The fate of abortion rights in Florida hangs in the balance Friday morning when the state Supreme Court is expected to accept a challenge to a law that bans the procedure in most cases after 15 weeks of pregnancy, a ban signed by Republican Gov. Ron DeSantis come into effect.
The seven justices — including five conservatives appointed by DeSantis, a Republican presidential candidate — will hear oral arguments in Tallahassee in the lawsuit brought by Planned Parenthood, the American Civil Liberties Union and others.
They claim that the Privacy Clause of the Florida Constitution has expressly protected the right to abortion in the state for more than 40 years.
“Plain text and historical context leave no doubt that Florida’s Privacy Clause protects against government interference in all aspects of a person’s private life, including decisions about pregnancy,” the plaintiffs say in court papers.
Florida officials claim the Supreme Court has mistakenly concluded in the past that the Privacy Clause covers abortion rights when it was actually intended more as a protection for “information privacy, such as the disclosure of private facts.”
The data protection clause does not extend “beyond information protection and personal choices that do not cause harm to others, to the right to destroy unborn life,” the officials claim.
The lawsuit seeks an injunction blocking enforcement of the 15-week abortion ban, known as HB5, which carries a possible prison sentence of up to five years and $5,000 in fines for violations, until the end of the trial legal proceedings remain in force.
The six-week ban that DeSantis signed earlier this year would take effect 30 days after a Supreme Court decision upholding the current ban.
The Privacy Clause was added to the Florida Constitution through a voter referendum in 1980 and was later upheld by the state Supreme Court to include abortion rights. Voters in 2012 rejected a proposed constitutional amendment that would have reversed those decisions.
Last year’s decision by the U.S. Supreme Court, known as Dobbs, which overturned Roe v. Wade and allowed states to set their own abortion rights policies, does not undermine privacy in Florida, the plaintiffs contend.
“To the contrary, the Dobbs opinion expressly recognized that states remain free to protect abortion under state law,” court papers say.
Florida’s position is supported by a variety of anti-abortion groups and at least 19 Republican-led states that have filed “friends of the court” briefs, some of which call for state legislatures, rather than courts, to decide the issue should.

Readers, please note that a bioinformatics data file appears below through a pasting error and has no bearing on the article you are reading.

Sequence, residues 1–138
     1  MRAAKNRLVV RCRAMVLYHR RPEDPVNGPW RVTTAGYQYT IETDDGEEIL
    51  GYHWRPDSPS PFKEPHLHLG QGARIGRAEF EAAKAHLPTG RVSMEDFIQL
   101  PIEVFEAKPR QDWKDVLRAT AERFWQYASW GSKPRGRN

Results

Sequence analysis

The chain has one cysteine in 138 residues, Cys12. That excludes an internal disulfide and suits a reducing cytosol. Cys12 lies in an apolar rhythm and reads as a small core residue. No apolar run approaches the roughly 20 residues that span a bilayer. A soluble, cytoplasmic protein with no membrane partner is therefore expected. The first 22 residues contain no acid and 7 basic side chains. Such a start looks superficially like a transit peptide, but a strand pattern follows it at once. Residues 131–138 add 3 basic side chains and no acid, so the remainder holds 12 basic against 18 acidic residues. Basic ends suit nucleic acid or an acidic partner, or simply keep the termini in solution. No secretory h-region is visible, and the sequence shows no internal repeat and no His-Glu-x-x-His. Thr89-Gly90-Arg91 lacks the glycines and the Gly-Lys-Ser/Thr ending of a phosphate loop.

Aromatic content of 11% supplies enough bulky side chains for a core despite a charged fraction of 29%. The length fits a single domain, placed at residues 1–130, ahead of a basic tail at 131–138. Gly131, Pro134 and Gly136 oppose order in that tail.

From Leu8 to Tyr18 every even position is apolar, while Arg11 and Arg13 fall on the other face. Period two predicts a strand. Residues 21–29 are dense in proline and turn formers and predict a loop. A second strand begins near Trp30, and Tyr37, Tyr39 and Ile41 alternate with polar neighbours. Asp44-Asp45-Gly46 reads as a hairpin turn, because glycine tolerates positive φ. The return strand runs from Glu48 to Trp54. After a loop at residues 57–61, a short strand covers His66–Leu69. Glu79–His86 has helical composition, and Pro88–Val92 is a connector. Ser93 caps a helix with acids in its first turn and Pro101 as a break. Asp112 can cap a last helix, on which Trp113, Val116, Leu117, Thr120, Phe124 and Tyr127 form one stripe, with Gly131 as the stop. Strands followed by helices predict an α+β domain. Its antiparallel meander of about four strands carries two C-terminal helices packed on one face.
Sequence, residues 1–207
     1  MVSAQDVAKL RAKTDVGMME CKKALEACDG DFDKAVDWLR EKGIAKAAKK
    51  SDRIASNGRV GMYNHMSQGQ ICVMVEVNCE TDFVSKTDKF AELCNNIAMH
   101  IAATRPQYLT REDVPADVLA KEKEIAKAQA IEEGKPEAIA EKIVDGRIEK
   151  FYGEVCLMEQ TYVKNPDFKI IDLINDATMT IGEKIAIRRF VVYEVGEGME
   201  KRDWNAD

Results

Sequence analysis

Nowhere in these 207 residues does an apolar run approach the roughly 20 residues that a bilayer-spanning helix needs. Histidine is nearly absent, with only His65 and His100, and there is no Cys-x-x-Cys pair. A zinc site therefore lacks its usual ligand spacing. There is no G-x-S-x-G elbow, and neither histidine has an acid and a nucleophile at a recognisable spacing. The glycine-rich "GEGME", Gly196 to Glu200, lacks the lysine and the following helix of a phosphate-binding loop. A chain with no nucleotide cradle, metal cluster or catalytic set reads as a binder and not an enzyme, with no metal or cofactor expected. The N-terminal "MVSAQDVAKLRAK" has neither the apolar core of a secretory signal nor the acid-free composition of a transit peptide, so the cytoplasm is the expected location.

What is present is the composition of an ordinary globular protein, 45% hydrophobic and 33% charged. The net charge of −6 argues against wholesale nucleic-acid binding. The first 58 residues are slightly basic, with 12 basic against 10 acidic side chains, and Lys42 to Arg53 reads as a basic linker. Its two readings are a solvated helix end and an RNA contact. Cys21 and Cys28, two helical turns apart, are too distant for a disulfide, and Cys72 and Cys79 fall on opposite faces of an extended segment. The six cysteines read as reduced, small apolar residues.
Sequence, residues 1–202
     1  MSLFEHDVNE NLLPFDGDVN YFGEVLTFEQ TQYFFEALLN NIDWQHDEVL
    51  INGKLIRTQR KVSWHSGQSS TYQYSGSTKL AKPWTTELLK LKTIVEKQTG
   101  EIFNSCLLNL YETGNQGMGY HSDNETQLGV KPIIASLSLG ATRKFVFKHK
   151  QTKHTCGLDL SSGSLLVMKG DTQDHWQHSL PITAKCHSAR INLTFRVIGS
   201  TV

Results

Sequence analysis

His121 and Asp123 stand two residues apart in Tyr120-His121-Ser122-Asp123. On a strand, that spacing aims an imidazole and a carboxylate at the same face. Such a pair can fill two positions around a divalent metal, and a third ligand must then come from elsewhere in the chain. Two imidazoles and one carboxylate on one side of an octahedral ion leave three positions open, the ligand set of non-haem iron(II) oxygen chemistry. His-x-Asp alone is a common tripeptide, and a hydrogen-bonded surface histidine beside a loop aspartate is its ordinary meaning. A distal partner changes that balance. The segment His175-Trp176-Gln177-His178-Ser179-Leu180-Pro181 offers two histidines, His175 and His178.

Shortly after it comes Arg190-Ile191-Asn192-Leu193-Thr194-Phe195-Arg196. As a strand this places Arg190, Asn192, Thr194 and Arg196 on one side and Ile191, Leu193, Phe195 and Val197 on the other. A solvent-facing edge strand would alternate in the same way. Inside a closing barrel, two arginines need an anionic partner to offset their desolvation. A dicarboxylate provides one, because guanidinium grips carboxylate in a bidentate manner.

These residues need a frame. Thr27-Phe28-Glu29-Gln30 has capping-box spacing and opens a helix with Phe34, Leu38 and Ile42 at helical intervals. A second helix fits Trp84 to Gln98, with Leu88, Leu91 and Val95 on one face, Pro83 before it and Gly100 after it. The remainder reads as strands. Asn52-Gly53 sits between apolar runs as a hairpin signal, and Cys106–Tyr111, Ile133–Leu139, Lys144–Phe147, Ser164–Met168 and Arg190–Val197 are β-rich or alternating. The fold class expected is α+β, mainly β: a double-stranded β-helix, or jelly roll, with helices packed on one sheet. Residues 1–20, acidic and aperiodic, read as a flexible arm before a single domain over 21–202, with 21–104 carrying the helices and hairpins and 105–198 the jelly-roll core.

“It imposes on the people a regime they never accepted, puts courts at the center of a political and moral question they can never resolve, and undermines our democratic tradition,” the states said in the statement.
The challengers also have a number of groups filing briefs on their behalf, including the American College of Obstetricians and Gynecologists, the American Medical Association and Floridians for Reproductive Freedom.
The text of Florida’s Privacy Clause reads: “Every natural person has the right to be peaceful and free from government interference in his private life, except as otherwise provided herein.” This section shall not be construed to affect the right provided by law restricts public access to public records and meetings.”
The 15-week ban before the court on Friday includes exceptions that allow an abortion to save a woman’s life or prevent serious physical harm, as well as in cases where a fetus suffers from a terminal illness “associated with a “Life outside the womb is incompatible”.
The six-week ban measure was sponsored in the state legislature by Republican Rep. Jennifer Canady, the wife of Supreme Court Justice Charles Canady. He has made no move to refuse based on the relationship and no requests for refusal have been made.
As a congressman in the 1990s, Charles Canady sponsored bills to ban so-called “partial-birth abortion.”
A Leon County judge agreed earlier this year that the 15-week ban violates the Florida Constitution and blocked its enforcement with a preliminary injunction. An appeals court lifted the injunction and sent the case to the state Supreme Court.
Several groups are also collecting petition signatures to place a proposed constitutional amendment on the 2024 ballot to guarantee abortion rights in Florida up to 24 weeks of pregnancy, generally when a fetus is considered viable.
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https://wsvn.com/news/local/florida/florida-abortion-rights-at-stake-as-state-supreme-court-takes-up-challenge-to-gop-led-restrictions/ Abortion rights in Florida are at stake as the state’s Supreme Court challenges Republican-led restrictions – WSVN 7News | Miami News, Weather, Sports